be notified via email.Hi Bill,

I am attempting to answer the query again, do let me know if you agree with it or not. Well, I would have to admit that previous reply may not have been very good. But never the less attempting again.

I am assuming the same scenario, only difference being you wish to have a confidence band of +/- 5% at 95% confidence limit around your proportion of calls for each category. for example: 55% +/- 5% of the calls are web tech calls with 95% confidence limit (right..??)

So this is what I tried, I ran 1 proportion test in Minitab and got 95% confidence limit for different sample size assuming I get 55% defectives. Shown below are some of the iterations..

Test and Confidence Interval for One Proportion

Test of p = 0.5 vs p not = 0.5

Exact

Sample X N Sample p 95.0 % CI P-Value

1 11 20 0.550000 (0.315278, 0.769422) 0.824

Test and Confidence Interval for One Proportion

Test of p = 0.5 vs p not = 0.5

Exact

Sample X N Sample p 95.0 % CI P-Value

1 28 50 0.560000 (0.412544, 0.700093) 0.480

Test and Confidence Interval for One Proportion

Test of p = 0.5 vs p not = 0.5

Exact

Sample X N Sample p 95.0 % CI P-Value

1 55 100 0.550000 (0.447280, 0.649680) 0.368

Test and Confidence Interval for One Proportion

Test of p = 0.5 vs p not = 0.5

Exact

Sample X N Sample p 95.0 % CI P-Value

1 110 200 0.550000 (0.478249, 0.620246) 0.179

Test and Confidence Interval for One Proportion

Test of p = 0.5 vs p not = 0.5

Exact

Sample X N Sample p 95.0 % CI P-Value

1 220 400 0.550000 (0.499779, 0.599475) 0.051

So if you have sample p value of 0.55 then you would need to collect data on 400 calls..

I dont know if it answers your query but an attempt..look forward to your reply..

Hemanth

0October 14, 2003 at 2:31 pm #91002Bill,

Maybe I am missing something here — first here are the assumptions that I am making about your post:

– You have one hunt-group and the percentages you guesstimate are produced from a sample of that single hunt group

– You need to sample each call not knowing what it is and as part of that action you put it in the sample category

If these assumptions are correct then you just need to work out the confidence level for the lowest population category (in your case complaints). So you work out the sample size for your required confidence level for complaints assuming they represent 10% of your group — If your guess is wrong and you find another category showing up with a lower percentage during your sampling, then switch and use that instead. You are then assured that all the others have a better confidence level since they all have a better sample size.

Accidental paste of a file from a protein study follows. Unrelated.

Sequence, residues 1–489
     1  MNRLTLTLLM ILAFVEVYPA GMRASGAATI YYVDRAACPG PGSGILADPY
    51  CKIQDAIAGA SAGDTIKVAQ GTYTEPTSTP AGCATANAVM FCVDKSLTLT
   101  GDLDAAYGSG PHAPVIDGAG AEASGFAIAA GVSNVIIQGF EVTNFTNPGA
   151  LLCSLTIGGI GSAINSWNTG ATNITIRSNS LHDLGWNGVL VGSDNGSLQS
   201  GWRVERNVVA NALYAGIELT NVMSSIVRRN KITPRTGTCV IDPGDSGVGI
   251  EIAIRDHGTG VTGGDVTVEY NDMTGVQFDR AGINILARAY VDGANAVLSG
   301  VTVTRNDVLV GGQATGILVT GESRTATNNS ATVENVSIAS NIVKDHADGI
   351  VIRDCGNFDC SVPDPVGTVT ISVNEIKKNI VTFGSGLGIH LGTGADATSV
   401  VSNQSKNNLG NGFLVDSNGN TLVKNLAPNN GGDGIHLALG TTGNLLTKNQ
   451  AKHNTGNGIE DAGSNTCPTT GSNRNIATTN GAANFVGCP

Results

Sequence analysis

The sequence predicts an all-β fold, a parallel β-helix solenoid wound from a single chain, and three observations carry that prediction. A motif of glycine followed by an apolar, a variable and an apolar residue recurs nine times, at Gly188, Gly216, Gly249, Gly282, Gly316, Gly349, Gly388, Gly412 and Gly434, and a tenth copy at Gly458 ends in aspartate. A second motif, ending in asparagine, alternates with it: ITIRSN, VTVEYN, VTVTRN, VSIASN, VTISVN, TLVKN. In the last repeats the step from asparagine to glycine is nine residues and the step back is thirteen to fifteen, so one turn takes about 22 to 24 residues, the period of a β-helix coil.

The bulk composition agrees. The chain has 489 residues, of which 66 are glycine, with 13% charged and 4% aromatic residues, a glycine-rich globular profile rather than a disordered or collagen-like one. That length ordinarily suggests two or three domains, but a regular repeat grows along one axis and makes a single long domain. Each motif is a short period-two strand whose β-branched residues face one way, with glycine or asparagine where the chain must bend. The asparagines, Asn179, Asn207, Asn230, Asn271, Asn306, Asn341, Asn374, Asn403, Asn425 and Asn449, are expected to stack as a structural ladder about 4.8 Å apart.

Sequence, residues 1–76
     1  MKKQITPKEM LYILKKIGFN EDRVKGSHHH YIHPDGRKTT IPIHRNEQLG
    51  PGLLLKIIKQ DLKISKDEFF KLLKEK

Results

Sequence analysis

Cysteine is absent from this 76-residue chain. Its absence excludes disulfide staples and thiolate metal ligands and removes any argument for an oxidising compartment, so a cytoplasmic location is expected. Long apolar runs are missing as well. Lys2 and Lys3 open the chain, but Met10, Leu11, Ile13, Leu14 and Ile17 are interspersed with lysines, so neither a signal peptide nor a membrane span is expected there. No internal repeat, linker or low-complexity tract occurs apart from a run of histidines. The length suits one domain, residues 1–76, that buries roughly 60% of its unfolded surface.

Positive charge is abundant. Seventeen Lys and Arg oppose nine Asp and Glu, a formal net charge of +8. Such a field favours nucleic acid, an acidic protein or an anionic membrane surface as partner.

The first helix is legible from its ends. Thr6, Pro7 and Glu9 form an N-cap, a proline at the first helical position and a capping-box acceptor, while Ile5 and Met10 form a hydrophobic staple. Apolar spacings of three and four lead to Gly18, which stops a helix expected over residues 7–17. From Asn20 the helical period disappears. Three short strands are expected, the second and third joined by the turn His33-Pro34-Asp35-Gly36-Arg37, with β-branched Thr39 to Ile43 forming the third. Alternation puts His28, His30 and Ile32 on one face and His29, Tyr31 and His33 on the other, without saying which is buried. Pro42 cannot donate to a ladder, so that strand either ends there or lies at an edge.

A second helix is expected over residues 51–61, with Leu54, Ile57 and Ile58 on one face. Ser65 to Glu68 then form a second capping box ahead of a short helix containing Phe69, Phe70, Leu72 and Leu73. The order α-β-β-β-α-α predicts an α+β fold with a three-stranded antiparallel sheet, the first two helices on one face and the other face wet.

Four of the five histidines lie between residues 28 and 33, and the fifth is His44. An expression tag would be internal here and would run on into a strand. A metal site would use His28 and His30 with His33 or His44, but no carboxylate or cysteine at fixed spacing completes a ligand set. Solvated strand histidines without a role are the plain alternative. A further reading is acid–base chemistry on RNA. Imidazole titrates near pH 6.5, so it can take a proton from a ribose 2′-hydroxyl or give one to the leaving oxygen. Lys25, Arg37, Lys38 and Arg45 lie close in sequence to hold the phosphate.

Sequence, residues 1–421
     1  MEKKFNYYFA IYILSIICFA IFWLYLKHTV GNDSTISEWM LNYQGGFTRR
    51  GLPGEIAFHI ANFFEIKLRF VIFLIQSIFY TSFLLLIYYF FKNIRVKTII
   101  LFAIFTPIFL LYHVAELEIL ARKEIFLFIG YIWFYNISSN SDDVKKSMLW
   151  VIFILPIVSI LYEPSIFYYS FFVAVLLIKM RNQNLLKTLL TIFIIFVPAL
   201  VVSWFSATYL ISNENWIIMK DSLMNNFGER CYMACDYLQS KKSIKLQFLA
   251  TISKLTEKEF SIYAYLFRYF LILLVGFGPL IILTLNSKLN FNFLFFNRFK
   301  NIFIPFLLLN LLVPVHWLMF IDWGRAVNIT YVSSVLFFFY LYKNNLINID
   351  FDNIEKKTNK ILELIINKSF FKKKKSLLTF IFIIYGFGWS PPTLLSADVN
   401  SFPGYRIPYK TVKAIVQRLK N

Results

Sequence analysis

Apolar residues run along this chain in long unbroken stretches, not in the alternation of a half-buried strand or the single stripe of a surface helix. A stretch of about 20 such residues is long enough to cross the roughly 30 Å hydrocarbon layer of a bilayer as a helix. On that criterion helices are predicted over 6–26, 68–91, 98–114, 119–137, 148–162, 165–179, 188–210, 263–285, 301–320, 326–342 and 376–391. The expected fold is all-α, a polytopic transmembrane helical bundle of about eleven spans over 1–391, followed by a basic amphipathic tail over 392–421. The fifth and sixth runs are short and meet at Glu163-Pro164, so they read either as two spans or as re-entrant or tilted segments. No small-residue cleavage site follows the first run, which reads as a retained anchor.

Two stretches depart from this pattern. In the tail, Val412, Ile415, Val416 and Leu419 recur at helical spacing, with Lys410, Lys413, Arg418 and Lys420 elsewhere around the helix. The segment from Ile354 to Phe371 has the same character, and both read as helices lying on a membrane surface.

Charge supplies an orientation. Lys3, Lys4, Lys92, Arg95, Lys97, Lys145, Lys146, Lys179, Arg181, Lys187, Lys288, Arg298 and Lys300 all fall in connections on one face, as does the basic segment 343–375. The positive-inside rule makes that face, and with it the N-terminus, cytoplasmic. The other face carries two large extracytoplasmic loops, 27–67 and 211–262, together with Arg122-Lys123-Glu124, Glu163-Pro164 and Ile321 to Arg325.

This means that you have way oversampled for the likely categories, but since you don’t know what the call is until you sample, you have no way out of that dilemma.

Alternatively…. You could put wrap codes on the phones and just run a complete report!! (but then you need to trust your agents categorisation)0October 14, 2003 at 3:08 pm #91005

GabrielParticipant@Gabriel**Include @Gabriel in your post and this person will**

be notified via email.Please read in this thread the mesages from Stan (Oct 9), Gabriel(Oct 10) and Stan (Oct 10).

You are the second one in this thread to say that the lagest sample size would be defined by the category with a smaller proportion. I think that that’s wrong, as I explain one of those messages, because the binomial distribution has it’s larger standard deviation for p=0.5, and the needed sample size increase when the standard deviation increases. So the category closest to 50% will define the sample size.0October 14, 2003 at 3:52 pm #91014The confusion, I think, is that at small proportions we are trying to be more precise (difference between 100 and 200 ppm for example). Gabriel is correct, that for a set level of precision, the proportions at around .5 will require the largest samples.